PATHPING Trace route plus network latency and packet loss
   PAUSE    Suspend processing of a batch file and display a message•
   PERMS    Show permissions for a user
   PERFMON  Performance Monitor
   PING     Test a network connection
   POPD     Return to a previous directory saved by PUSHD•
   PORTQRY  Display the status of ports and services
   POWERCFG Configure power settings
   PRINT    Print a text file
   PRINTBRM Print queue Backup/Recovery
   PRNCNFG  Display, configure or rename a printer
   PRNMNGR  Add, delete, list printers set the default printer
   PROMPT   Change the command prompt•
   PsExec     Execute process remotely
   PsFile     Show files opened remotely
   PsGetSid   Display the SID of a computer or a user
   PsInfo     List information about a system
   PsKill     Kill processes by name or process ID
   PsList     List detailed information about processes
   PsLoggedOn Who's logged on (locally or via resource sharing)
   PsLogList  Event log records
   PsPasswd   Change account password
   PsPing     Measure network performance
   PsService  View and control services
   PsShutdown Shutdown or reboot a computer
   PsSuspend  Suspend processes
   PUSHD    Save and then change the current directory•
   QGREP    Search file(s) for lines that match a given pattern
   Query Process    Display processes (TS/Remote Desktop)
   Query Session    Display all sessions (TS/Remote Desktop)
   Query TermServer List all servers (TS/Remote Desktop)
   Query User       Display user sessions (TS/Remote Desktop)
   RASDIAL  Manage RAS connections
   RASPHONE Manage RAS connections
   RECOVER  Recover a damaged file from a defective disk
   REG      Registry: Read, Set, Export, Delete keys and values
   REGEDIT  Import or export registry settings
   REGSVR32 Register or unregister a DLL
   REGINI   Change Registry Permissions
   REM      Record comments (remarks) in a batch file•
   REN      Rename a file or files•
   REPLACE  Replace or update one file with another
   Reset Session  Delete a Remote Desktop Session
   RD       Delete folder(s)•
   RMTSHARE Share a folder or a printer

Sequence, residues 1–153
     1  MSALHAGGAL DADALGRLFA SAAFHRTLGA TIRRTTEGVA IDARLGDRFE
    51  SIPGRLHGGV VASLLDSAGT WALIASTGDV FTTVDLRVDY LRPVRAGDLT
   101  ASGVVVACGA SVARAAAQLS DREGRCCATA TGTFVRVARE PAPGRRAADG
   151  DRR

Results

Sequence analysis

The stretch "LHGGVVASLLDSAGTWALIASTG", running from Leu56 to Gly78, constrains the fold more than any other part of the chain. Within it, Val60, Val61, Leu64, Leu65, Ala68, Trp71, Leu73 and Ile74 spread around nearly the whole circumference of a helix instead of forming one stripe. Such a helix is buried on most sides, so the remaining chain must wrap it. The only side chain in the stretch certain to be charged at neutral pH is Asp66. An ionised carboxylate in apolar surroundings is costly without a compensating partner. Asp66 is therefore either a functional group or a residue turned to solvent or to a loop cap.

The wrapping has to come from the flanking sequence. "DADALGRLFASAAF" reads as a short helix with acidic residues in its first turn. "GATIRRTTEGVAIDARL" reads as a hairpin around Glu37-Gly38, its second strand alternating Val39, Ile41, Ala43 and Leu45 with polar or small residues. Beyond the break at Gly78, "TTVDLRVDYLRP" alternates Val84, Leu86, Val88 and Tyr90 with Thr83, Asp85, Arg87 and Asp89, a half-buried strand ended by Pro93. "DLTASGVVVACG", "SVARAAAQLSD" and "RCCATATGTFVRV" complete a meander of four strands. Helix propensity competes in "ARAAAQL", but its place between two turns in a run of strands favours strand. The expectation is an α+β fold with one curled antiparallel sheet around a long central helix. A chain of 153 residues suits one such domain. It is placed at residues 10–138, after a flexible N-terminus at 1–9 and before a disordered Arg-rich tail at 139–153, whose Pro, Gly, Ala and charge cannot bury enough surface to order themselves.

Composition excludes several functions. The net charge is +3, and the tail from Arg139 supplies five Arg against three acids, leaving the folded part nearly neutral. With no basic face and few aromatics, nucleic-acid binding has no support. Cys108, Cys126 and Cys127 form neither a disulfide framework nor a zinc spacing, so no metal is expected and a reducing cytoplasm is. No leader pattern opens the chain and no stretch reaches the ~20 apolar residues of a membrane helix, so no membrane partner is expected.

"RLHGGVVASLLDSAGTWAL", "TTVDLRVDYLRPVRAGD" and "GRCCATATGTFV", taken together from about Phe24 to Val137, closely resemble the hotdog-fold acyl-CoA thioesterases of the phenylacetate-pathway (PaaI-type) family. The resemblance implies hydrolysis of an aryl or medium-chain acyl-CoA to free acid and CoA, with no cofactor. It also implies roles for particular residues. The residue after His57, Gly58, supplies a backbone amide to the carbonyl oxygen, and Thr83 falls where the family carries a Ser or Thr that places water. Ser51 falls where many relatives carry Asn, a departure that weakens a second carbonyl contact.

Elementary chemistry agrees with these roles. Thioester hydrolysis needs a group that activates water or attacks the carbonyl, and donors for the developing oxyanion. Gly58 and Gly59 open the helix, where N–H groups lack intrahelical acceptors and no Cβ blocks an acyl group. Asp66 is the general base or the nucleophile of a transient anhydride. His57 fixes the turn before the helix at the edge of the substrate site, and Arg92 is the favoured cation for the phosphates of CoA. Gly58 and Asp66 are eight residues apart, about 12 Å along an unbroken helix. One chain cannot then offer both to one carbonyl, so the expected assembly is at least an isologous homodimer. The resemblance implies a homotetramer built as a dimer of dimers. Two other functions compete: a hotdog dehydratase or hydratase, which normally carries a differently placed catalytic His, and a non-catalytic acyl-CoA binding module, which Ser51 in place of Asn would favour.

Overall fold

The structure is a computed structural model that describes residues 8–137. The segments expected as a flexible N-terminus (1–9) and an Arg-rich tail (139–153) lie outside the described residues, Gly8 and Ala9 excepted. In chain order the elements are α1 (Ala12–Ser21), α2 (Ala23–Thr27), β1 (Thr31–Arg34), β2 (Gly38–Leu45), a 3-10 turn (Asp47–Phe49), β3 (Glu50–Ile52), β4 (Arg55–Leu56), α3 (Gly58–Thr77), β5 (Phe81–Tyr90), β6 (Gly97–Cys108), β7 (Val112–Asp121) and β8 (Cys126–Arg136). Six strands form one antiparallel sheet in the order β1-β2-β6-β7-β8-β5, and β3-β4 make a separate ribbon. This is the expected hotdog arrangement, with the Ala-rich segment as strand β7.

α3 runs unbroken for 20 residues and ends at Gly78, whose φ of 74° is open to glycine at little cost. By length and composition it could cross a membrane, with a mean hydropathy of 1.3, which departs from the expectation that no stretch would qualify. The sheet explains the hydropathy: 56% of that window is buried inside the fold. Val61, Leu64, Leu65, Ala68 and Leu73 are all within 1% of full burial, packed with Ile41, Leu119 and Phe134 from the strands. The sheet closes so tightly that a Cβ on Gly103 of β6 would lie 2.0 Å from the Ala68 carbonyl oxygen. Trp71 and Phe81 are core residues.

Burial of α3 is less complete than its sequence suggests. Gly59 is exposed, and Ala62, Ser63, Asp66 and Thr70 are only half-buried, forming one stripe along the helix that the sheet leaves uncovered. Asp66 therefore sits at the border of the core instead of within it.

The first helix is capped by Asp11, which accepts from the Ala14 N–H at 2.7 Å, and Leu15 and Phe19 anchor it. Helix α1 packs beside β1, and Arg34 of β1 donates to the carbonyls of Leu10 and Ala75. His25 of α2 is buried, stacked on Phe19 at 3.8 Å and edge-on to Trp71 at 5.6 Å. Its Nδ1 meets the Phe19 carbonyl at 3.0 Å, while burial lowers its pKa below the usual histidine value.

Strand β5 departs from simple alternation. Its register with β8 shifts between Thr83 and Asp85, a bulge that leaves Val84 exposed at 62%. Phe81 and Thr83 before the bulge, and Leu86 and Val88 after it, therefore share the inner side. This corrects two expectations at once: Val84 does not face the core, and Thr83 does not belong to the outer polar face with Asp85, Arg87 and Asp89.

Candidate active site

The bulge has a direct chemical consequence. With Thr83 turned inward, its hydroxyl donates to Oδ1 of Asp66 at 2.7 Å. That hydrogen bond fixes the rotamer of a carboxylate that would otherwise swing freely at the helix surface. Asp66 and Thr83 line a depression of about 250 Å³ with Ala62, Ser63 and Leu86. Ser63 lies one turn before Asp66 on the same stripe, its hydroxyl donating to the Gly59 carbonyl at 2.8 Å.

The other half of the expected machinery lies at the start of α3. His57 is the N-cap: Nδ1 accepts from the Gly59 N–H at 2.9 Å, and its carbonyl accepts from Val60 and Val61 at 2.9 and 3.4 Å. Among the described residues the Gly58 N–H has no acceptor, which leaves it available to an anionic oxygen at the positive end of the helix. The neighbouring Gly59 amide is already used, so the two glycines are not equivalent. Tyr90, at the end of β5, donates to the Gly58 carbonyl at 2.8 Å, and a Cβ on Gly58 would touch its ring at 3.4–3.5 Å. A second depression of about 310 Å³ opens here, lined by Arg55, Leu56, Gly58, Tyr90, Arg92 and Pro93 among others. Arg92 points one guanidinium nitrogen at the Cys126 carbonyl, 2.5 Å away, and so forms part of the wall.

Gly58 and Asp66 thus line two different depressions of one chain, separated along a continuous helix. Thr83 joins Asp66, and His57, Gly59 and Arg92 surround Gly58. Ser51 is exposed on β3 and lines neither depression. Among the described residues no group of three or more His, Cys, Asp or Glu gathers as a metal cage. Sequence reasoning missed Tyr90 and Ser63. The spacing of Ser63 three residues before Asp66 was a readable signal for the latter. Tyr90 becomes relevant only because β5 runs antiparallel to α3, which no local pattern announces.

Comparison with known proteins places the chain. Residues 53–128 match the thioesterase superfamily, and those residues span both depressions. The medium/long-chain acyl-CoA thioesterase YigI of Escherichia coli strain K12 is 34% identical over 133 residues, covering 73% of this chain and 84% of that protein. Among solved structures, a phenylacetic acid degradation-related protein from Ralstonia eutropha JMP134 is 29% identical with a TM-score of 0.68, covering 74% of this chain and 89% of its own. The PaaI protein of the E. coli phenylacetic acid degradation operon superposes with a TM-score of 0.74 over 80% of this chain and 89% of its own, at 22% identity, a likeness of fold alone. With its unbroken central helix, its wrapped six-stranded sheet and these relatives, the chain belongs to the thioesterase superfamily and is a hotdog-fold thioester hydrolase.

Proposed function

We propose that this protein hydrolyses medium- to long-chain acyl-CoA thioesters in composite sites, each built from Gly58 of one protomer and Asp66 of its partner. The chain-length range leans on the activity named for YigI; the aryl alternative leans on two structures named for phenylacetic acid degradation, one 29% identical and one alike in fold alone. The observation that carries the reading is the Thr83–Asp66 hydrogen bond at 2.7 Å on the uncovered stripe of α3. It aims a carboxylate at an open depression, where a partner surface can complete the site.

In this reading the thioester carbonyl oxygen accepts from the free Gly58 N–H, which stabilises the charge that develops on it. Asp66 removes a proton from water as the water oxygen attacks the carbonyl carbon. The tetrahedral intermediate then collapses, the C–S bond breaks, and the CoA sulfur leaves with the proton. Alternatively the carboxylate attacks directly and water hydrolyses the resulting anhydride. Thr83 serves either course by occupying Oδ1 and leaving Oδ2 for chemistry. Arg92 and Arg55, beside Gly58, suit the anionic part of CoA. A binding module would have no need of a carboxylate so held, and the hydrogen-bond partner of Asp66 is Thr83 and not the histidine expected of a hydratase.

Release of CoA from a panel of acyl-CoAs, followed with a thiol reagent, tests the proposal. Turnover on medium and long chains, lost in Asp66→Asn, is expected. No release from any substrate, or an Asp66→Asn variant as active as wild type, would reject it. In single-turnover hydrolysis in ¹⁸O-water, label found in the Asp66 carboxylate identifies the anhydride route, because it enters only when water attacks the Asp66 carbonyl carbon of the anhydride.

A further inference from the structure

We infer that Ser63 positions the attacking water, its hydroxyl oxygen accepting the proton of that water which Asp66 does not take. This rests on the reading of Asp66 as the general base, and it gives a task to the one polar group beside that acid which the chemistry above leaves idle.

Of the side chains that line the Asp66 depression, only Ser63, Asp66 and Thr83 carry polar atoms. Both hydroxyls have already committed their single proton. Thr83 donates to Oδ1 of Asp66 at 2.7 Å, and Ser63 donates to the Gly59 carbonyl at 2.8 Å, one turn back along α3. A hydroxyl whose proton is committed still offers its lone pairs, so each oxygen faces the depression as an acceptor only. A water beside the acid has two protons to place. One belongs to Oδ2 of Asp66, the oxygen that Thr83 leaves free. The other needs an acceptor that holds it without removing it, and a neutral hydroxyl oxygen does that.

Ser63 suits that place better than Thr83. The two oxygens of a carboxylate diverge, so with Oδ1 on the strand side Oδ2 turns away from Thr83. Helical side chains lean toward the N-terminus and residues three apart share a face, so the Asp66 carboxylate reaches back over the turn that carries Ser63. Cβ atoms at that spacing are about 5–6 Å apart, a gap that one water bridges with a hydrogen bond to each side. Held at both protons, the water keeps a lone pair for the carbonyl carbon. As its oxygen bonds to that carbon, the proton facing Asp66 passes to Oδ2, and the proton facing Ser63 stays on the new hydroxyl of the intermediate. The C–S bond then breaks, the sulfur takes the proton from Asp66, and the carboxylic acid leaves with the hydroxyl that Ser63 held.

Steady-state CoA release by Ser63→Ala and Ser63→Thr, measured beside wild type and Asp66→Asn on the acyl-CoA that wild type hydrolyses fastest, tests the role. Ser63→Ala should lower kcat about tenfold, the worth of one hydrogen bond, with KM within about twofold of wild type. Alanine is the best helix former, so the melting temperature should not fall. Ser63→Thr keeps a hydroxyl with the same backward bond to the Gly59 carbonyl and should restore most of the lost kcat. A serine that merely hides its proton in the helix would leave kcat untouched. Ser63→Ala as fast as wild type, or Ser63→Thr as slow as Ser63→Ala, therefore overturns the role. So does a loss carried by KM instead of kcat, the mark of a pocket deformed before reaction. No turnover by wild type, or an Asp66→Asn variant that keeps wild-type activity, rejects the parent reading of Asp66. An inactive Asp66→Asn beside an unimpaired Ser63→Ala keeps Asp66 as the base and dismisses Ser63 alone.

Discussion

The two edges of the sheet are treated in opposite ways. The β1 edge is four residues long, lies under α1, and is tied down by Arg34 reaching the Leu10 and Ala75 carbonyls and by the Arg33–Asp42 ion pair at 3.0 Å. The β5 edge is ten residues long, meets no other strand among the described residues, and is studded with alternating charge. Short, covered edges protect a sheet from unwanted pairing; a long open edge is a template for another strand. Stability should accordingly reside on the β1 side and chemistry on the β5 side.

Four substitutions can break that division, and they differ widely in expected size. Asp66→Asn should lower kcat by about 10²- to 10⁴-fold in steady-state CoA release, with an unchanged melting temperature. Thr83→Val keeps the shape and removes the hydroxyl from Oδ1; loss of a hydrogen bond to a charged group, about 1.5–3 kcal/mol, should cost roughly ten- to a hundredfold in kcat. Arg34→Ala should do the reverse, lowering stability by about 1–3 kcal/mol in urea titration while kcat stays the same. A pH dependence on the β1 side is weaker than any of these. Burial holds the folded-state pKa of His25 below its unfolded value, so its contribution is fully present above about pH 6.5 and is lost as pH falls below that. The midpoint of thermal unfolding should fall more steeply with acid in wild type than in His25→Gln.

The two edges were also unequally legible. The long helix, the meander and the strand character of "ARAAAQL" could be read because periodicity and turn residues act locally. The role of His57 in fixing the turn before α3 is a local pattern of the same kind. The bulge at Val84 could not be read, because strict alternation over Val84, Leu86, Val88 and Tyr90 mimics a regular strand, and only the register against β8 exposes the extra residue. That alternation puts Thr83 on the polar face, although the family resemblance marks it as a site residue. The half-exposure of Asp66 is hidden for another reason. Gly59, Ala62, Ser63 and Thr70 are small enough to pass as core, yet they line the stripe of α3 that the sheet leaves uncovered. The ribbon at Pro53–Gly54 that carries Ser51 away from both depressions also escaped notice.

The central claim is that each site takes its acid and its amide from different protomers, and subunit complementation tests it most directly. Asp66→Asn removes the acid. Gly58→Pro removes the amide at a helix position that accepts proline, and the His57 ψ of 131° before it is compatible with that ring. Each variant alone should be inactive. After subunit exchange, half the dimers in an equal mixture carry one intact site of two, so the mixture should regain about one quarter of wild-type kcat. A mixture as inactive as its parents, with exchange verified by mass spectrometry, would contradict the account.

ROBOCOPY Robust File and Folder Copy
   ROUTE    Manipulate network routing tables
   RUN      Start | RUN commands
   RUNAS    Execute a program under a different user account
   RUNDLL32 Run a DLL command (add/remove print connections)

   SC       Service Control
   SCHTASKS Schedule a command to run at a specific time
   SCLIST   Display Services
   SET      Display, set, or remove session environment variables•
   SETLOCAL Control the visibility of environment variables•
   SETX     Set environment variables
   SFC      System File Checker 
   SHARE    List or edit a file share or print share
   ShellRunAs Run a command under a different user account
   SHIFT    Shift the position of batch file parameters•
   SHORTCUT Create a windows shortcut (.LNK file)
   SHOWGRPS List the Workgroups a user has joined
   SHOWMBRS List the Users who are members of a Workgroup
   SHUTDOWN Shutdown the computer
   SLEEP    Wait for x seconds
   SLMGR    Software Licensing Management (Vista/2008)
   SOON     Schedule a command to run in the near future
   SORT     Sort input
   START    Start a program, command or batch file•
   SU       Switch User
   SUBINACL Edit file and folder Permissions, Ownership and Domain
   SUBST    Associate a path with a drive letter
   SYSTEMINFO List system configuration
   TAKEOWN  Take ownership of a file
   TASKLIST List running applications and services
   TASKKILL Remove a running process from memory
   TIME     Display or set the system time•
   TIMEOUT  Delay processing of a batch file
   TITLE    Set the window title for a CMD.EXE session•
   TLIST    Task list with full path
   TOUCH    Change file timestamps    
   TRACERT  Trace route to a remote host
   TREE     Graphical display of folder structure
   TSDISCON Disconnect a Remote Desktop Session
   TSSHUTDN Remotely shut down or reboot a terminal server
   TYPE     Display the contents of a text file•
   TypePerf Write performance data to a log file
   USRSTAT  List domain usernames and last login
   VER      Display version information•
   VERIFY   Verify that files have been saved•
   VOL      Display a disk label•
   WAITFOR  Wait for or send a signal
   WEVTUTIL Clear event logs, enable/disable/query logs
   WHERE    Locate and display files in a directory tree
   WHOAMI   Output the current UserName and domain
   WINDIFF  Compare the contents of two files or sets of files
   WINMSDP  Windows system report
   WINRM    Windows Remote Management
   WINRS    Windows Remote Shell
   WMIC     WMI Commands
   WUAUCLT  Windows Update
   XCACLS   Change file and folder permissions
   XCOPY    Copy files and folders
   ::       Comment / Remark•

Commands marked • are Internal commands only available within the CMD shell.
All other commands (not marked with •) are external commands.
External commands may be used under the CMD shell, PowerShell, or directly from START-RUN.